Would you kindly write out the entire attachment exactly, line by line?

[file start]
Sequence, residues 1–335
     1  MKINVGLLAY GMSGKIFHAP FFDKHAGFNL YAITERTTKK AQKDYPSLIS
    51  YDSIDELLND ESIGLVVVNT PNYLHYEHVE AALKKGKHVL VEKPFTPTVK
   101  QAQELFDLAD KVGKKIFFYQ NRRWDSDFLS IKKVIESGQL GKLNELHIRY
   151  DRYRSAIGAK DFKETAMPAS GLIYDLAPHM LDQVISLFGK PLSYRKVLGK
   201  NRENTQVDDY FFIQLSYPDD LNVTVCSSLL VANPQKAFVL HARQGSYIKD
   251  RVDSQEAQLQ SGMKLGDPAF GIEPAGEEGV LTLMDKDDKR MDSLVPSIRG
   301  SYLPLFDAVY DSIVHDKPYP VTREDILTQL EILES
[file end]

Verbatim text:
Sequence, residues 1–335
     1  MKINVGLLAY GMSGKIFHAP FFDKHAGFNL YAITERTTKK AQKDYPSLIS
    51  YDSIDELLND ESIGLVVVNT PNYLHYEHVE AALKKGKHVL VEKPFTPTVK
   101  QAQELFDLAD KVGKKIFFYQ NRRWDSDFLS IKKVIESGQL GKLNELHIRY
   151  DRYRSAIGAK DFKETAMPAS GLIYDLAPHM LDQVISLFGK PLSYRKVLGK
   201  NRENTQVDDY FFIQLSYPDD LNVTVCSSLL VANPQKAFVL HARQGSYIKD
   251  RVDSQEAQLQ SGMKLGDPAF GIEPAGEEGV LTLMDKDDKR MDSLVPSIRG
   301  SYLPLFDAVY DSIVHDKPYP VTREDILTQL EILES